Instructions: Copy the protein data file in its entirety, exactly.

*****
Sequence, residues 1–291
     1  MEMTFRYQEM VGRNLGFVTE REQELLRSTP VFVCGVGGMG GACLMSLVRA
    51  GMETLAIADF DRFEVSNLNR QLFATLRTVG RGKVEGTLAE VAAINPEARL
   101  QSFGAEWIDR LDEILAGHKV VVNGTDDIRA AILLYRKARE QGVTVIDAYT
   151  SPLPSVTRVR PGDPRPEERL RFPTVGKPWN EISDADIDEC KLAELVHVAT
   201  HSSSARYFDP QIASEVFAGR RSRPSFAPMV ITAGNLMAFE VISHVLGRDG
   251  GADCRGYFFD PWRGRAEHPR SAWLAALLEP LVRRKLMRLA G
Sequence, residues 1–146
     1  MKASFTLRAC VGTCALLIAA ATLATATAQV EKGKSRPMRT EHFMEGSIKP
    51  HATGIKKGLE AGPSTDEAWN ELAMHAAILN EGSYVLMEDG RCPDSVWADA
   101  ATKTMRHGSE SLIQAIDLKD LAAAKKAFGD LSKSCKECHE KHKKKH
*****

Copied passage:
Sequence, residues 1–291
     1  MEMTFRYQEM VGRNLGFVTE REQELLRSTP VFVCGVGGMG GACLMSLVRA
    51  GMETLAIADF DRFEVSNLNR QLFATLRTVG RGKVEGTLAE VAAINPEARL
   101  QSFGAEWIDR LDEILAGHKV VVNGTDDIRA AILLYRKARE QGVTVIDAYT
   151  SPLPSVTRVR PGDPRPEERL RFPTVGKPWN EISDADIDEC KLAELVHVAT
   201  HSSSARYFDP QIASEVFAGR RSRPSFAPMV ITAGNLMAFE VISHVLGRDG
   251  GADCRGYFFD PWRGRAEHPR SAWLAALLEP LVRRKLMRLA G
Sequence, residues 1–146
     1  MKASFTLRAC VGTCALLIAA ATLATATAQV EKGKSRPMRT EHFMEGSIKP
    51  HATGIKKGLE AGPSTDEAWN ELAMHAAILN EGSYVLMEDG RCPDSVWADA
   101  ATKTMRHGSE SLIQAIDLKD LAAAKKAFGD LSKSCKECHE KHKKKH